• “The Critical Friends program has been one of the most helpful resources for me as a relatively new department chair. While other programs provide important information about the “nuts and bolts” of institutional administration, Critical Friends provides a collegial and confidential peer support network across campus. The structured nature of the Critical Friends approach ensures very purposefully, but open and supportive, discussions, typically aimed at helping peers deal with managerial/leadership challenges that often feel uniquely difficult but are fundamentally common among the group.” Brad Marks, Chair of Biosystems and Agricultural Engineering; Critical Friends Peer Mentoring for Chairs

There are many resources across campus for engaging in mentoring.

Some resources include the “The Science of Effective Mentoring in Science, Technology, Engineering, Medicine, and Mathematics (STEMM)” from the National Academies of Sciences, Engineering, and Mathematics (NASEM), and their more recent podcast series Focused on STEMM, the 2019 interactive online guide offers useful papers, programs ideas, and strategies for effective mentoring applicable across disciplines.

The Graduate School provides many tips and tools for mentoring graduate students as does the Diversity Research Network, National Center for Faculty Development and Diversity. Undergraduate research mentoring is actively supported through Undergraduate Research and Creative Activity.

Other mentoring for students takes place in multiple forms. New initiatives such as the Circles of Success Mentoring Programs within APUE, MSU Connect that connects students with alumni, and, emeriti faculty often provide feedback on teaching, manuscripts, and other aspects of careers to academics, and multiple college-level programs also exist. Additional resources can be found on the OFASD website and on specific college/unit websites.

  • Montgomery, B. L: & Page, S. C. (2019), Mentoring beyond hierarchies: Multi-mentor[AM1]  systems and models.
  • Montgomery, B. L. (2017). Mapping a mentoring roadmap and developing a supportive network for strategic career advancement. SAGE Open. DOI: 10.1177/2158244017710288


During the last two years, we learned a lot about the university’s scholarly enterprise. Its diversity was, in many ways, a blessing as so much disruption took place for those whose work depended on in-person data gathering with persons old and young, in formal organizations and informal communities. Yet, in spite of frustrations, setbacks, time delays, lost experiments, and stalled studies, we persisted and found different ways to think about the work we do as extended processes rather than only focused outputs.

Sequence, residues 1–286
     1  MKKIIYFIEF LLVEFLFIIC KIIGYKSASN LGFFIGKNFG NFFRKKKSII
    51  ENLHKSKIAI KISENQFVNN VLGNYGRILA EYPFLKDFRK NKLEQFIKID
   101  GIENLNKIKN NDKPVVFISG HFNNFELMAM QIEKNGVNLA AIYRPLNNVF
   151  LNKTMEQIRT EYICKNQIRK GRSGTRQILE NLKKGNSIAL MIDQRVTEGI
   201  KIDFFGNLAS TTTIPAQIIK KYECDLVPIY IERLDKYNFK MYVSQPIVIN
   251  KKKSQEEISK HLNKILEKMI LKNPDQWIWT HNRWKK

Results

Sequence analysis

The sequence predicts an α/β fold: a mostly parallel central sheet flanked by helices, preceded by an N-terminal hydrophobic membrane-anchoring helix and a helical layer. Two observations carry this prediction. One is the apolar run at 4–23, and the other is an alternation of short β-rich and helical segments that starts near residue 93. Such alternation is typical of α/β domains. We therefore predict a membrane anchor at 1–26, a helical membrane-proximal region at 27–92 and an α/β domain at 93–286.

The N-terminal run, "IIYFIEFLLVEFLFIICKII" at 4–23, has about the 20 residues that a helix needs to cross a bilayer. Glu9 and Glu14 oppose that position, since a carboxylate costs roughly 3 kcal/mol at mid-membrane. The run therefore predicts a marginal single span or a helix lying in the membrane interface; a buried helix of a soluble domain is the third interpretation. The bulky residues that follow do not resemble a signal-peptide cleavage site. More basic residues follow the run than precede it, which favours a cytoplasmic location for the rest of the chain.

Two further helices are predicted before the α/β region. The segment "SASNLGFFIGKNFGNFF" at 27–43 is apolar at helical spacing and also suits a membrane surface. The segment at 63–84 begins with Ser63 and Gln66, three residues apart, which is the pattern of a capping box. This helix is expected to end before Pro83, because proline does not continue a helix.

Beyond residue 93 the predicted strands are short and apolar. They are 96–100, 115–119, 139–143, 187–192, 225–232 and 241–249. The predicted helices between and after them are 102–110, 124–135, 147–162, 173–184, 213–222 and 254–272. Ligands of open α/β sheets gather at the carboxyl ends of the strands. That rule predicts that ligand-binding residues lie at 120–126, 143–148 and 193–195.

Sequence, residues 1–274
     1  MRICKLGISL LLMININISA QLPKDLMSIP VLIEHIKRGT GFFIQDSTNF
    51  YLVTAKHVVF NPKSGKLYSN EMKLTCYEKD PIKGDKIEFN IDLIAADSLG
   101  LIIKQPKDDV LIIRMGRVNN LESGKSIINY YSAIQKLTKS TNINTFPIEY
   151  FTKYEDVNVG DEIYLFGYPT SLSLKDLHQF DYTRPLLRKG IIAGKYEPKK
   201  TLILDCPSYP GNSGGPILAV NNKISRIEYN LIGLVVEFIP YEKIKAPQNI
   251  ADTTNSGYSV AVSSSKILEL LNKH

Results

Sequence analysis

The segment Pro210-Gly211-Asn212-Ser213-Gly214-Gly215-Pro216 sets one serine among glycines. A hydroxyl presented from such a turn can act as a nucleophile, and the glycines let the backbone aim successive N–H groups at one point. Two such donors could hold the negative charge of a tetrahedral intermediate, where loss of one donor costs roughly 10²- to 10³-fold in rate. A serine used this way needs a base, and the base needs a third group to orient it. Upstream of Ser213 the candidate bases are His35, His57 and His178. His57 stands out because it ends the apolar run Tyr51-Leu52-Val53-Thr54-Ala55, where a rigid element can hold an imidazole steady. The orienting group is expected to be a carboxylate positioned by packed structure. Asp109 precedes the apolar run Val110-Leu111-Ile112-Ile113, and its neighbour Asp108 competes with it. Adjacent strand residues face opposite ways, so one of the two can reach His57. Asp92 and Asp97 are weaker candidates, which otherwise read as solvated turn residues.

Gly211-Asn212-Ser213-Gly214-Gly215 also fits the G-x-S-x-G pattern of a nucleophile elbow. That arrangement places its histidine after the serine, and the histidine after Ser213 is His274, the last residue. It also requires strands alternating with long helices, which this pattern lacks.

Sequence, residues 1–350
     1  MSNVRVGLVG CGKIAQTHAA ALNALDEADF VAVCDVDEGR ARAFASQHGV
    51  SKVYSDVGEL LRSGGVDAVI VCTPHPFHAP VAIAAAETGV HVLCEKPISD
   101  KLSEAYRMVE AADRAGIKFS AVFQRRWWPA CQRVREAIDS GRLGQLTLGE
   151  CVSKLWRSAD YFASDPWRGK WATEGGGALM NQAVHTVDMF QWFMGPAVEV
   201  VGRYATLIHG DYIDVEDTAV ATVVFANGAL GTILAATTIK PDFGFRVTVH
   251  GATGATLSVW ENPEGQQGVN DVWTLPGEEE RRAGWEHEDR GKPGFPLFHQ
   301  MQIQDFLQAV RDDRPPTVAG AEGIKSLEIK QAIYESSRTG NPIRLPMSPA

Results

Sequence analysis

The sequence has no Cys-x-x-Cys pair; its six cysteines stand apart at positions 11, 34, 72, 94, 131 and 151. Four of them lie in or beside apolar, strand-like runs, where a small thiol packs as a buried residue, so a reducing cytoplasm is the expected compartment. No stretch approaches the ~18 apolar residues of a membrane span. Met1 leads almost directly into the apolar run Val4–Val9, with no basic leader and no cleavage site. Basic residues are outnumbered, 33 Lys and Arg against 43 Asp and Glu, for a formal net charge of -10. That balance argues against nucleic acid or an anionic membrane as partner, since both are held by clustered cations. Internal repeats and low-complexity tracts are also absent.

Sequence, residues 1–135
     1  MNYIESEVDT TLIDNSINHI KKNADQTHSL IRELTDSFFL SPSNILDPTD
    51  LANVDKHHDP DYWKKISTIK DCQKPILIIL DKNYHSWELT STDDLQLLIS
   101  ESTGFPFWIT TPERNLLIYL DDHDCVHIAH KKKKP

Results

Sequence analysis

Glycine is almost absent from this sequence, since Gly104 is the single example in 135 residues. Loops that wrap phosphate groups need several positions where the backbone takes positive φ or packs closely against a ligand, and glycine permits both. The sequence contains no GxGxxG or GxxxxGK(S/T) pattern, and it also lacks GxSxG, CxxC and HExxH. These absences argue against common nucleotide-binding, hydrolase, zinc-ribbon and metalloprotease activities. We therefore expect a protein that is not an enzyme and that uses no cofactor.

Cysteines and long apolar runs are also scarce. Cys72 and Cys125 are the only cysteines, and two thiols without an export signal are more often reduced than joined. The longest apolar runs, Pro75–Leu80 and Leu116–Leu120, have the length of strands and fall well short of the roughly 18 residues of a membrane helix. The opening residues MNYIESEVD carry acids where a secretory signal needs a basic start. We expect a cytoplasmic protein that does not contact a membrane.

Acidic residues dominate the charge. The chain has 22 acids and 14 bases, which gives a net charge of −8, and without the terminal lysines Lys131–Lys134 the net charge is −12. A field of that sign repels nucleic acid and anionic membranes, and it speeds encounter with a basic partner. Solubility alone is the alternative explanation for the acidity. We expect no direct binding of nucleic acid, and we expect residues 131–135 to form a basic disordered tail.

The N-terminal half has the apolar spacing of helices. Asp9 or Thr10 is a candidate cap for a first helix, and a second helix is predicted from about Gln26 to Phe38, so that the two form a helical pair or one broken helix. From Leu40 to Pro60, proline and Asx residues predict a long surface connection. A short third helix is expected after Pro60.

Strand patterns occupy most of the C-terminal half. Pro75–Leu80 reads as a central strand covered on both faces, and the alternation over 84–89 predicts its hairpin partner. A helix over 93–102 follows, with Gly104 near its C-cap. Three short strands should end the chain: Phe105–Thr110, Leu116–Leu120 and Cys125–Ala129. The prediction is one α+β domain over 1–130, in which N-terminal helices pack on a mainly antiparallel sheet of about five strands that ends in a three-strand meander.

Scholarship has many pieces to it, and that return to reviews of the extant literature, reframing of the research problem, or using one’s expertise to address community problems in different ways was a centerpiece of how we pulled ourselves through 2021, and may still be lightly stepping into 2022. Reclaiming our intellectual selves as reflected in scholarship is not always easy, and certainly brings with it assorted questions of funding, career trajectory, promotion and tenure, and scholarly fulfillment.

As we simultaneously build the MSU of 2030 with deep commitments to the state, the nation, and the world, needing to rethink our research and inquiry individually and collectively is at the heart of that longer-term goal. The many forms of funded and unfunded, basic and applied research and scholarship that happen across disciplines at MSU all contribute to that mission.

Having been caused to reflect on the inquiry that drives our publications, presentations, decisions, and at times, our careers could not have been better timed, even if it wasn’t voluntary. The new year promises more opportunity to see the ability we have to make important contributions, large and small, and to recognize how our efforts contribute to the shared missions of the university. Hopefully, we bring to the MSU 2030 spring discussions what we know about our intellectual work the needs of the communities we serve, and what we learned about our own ways of being in the scholarly space, regardless of appointment type. In this way, perhaps we keep the best of what we learned from the last two years of disruption and use those understandings to forge the research and scholarly path forward to our best future that represents a portion of a research university’s core purpose.